Zaki was born in 2011. I became estranged from my partner and had to resort to the family court for parenting arrangements to be established. It was my first encounter with the dogma of Australian society, entering a court room with the ideas of parenting that I had been conditioned with from Scandinavia. It was a cultural shock. In Australia, a father is not considered as important as a father in Denmark. I was easily labelled Egyptian and stereotyped as a potential abductor of my own child.

I returned to working as a photojournalist in lack of having any qualifications to suit the Australian job market, and at the beginning of 2015, having been on assignments in Lebanon, Syria and Gaza, I had had enough. I wanted to be with my son, full-bodied. I had been applying and kept applying for work as I stopped my work as a photojournalist but wasn’t called for an interview. Not once. I couldn’t pass a fit and proper test and it was impossible to deliver criminal records for the countries I had lived in. My life experience was not an asset in Australia but an obstacle. I ran into one arcane rule after the other. Rules that almost resemble the Indian cast system. In order to get a job, you have to move down the ladder until you are deemed worthy to step up.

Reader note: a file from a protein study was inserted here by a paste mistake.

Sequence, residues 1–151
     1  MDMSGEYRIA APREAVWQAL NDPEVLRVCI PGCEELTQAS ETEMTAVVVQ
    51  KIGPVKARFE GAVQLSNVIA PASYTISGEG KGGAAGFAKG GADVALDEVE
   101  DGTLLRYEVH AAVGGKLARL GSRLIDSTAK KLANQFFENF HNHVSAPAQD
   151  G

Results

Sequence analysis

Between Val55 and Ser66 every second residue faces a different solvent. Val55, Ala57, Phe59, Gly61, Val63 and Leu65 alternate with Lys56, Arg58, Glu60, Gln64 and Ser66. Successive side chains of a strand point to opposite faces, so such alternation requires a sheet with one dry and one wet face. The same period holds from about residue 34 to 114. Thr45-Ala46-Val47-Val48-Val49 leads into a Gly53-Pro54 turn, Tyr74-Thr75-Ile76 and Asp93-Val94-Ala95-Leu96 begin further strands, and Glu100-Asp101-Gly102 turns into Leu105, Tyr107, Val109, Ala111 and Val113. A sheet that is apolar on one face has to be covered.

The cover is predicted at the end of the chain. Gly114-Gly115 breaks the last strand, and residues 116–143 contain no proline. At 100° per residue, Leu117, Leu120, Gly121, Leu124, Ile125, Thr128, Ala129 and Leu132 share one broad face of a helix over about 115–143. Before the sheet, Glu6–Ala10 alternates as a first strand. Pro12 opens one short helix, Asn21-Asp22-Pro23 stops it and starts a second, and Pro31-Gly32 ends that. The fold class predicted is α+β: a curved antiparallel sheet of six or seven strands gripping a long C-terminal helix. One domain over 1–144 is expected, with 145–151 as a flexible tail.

Faced with the difficulty of integrating into my new home, I observed a pattern which reminded me of life in Denmark. The pretty, blond haired, blue eyed and smart young people went on to getting good jobs, a house in the suburbs and seemingly, a better life. The foreigners, the ugly ones, got the work they could find and an apartment on the 4th floor in squalid grey buildings where they found comfort amongst themselves. Society was on the far side of the motorway. Mix that in with our pattern of human behaviour, objectively observed in our closest relative, the Chimpanzee, and you have the recipe for resentment, alienation and conflict.

The treatment of aboriginal people in Australia is similar. Massive concrete buildings are planted on top of sacred native grounds with a symbolic note at their main entrance, calling for respect and recognition for the original owners of the land. That’s mockery. The identity crisis from rising cultural diversity is equally assuming in its nature as the Danish, almost a spectacle with the bigoted voices slugging and slaying at each other on national media.